The University of the Fraser Valley (UFV) is leading its students down an advanced path – on and off the runway.
With a program called OptiTex, students will soon be able to create their collections with a new 3-D feature.
The technology will provide a sustainable approach to fashion design, while saving time and money as it prepares students for employment.
While UFV has been using OptiTex’s 2-D format in computer-aided design for years, it’s the first school in western Canada to adopt the 3-D version.
When it becomes available to students next summer, the program will allow them to convert their 2-D patterns to 3-D by dressing a virtual mannequin.
With a few clicks and some precise measurements, students will be able to see right away if their design is correct.
The process eliminates a number of steps, such as printing the pattern, cutting it and fitting a live model.
It also saves money and fabric, added Deanna Devitt, the fashion design department head at UFV.
In the fashion world, the program proves beneficial when working with clients overseas, said Bev Fanzega, a faculty member in the fashion design program.
By cutting out the middle steps, which can take weeks, it also permits designers to create their collections closer to the season, allowing for last-minute additions depending on the latest trends.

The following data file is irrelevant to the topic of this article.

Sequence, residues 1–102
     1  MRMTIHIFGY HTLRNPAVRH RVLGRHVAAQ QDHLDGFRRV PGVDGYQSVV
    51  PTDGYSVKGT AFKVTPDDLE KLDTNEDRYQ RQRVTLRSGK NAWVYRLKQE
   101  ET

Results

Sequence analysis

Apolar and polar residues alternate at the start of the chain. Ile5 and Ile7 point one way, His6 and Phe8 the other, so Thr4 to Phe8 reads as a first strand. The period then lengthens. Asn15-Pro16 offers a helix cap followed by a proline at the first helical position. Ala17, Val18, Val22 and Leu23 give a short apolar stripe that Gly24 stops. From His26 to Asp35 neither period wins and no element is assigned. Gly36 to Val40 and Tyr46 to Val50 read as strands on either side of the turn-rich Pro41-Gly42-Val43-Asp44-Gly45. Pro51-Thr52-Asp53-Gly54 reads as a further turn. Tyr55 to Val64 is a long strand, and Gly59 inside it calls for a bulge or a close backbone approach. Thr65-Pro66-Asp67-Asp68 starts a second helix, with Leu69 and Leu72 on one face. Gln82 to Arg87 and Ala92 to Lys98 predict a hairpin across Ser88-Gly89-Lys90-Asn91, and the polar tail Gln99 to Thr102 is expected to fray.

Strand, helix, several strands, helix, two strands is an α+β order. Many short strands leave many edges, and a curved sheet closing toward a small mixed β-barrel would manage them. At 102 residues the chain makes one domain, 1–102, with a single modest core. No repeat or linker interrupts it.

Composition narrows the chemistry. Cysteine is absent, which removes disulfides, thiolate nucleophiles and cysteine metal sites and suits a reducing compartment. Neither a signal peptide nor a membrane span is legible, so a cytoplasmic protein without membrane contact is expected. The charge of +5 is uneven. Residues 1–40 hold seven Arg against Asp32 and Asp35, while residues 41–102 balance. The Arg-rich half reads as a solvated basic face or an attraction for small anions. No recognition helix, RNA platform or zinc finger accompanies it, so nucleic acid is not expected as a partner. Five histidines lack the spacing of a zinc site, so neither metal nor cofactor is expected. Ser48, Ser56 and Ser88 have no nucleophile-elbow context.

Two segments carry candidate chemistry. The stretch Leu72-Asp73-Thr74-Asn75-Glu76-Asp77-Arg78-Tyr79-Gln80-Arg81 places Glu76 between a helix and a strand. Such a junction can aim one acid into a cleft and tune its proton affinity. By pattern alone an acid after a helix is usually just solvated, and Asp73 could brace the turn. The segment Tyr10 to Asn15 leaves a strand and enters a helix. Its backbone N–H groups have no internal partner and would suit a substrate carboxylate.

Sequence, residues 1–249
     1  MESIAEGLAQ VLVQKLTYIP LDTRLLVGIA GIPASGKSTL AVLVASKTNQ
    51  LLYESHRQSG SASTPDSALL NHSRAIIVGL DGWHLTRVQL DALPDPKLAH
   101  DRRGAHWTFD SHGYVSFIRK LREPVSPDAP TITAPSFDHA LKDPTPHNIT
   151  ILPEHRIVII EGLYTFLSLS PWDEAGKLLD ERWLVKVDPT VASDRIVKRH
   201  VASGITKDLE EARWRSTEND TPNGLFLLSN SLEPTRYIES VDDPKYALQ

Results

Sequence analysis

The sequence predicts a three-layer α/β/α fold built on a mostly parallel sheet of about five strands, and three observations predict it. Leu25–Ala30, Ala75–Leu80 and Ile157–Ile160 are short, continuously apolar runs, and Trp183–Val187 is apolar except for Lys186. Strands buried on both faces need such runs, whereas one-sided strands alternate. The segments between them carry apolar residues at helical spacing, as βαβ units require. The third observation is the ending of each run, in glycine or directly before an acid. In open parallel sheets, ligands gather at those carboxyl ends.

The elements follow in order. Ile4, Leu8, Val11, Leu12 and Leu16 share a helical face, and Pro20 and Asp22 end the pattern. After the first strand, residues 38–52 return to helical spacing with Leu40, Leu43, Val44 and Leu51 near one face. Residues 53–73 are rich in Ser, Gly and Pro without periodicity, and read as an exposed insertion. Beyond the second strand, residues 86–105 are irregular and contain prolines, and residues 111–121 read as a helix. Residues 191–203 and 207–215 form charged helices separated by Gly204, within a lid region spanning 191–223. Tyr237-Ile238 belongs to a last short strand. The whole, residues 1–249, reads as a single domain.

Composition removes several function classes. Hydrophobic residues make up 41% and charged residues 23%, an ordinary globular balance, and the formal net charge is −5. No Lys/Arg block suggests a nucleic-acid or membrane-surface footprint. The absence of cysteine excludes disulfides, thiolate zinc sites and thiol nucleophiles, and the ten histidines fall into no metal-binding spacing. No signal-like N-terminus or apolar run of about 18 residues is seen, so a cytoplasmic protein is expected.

The program not only offers a 3-D still mannequin, but also a moving model that struts along a runway to showcase outfits.
The virtual fashion show offers a realistic simulation of the outfit’s movement and fit, as the program takes into account the material’s characteristics.
“It’s real fabric in a virtual world,” said Fanzega.
The versatility of the program makes it a great marketing tool as it allows a collection or design to be showcased to a client immediately.
By arming students with this the latest fashion technology, UFV is ensuring its students are job-ready and employable, said Devitt.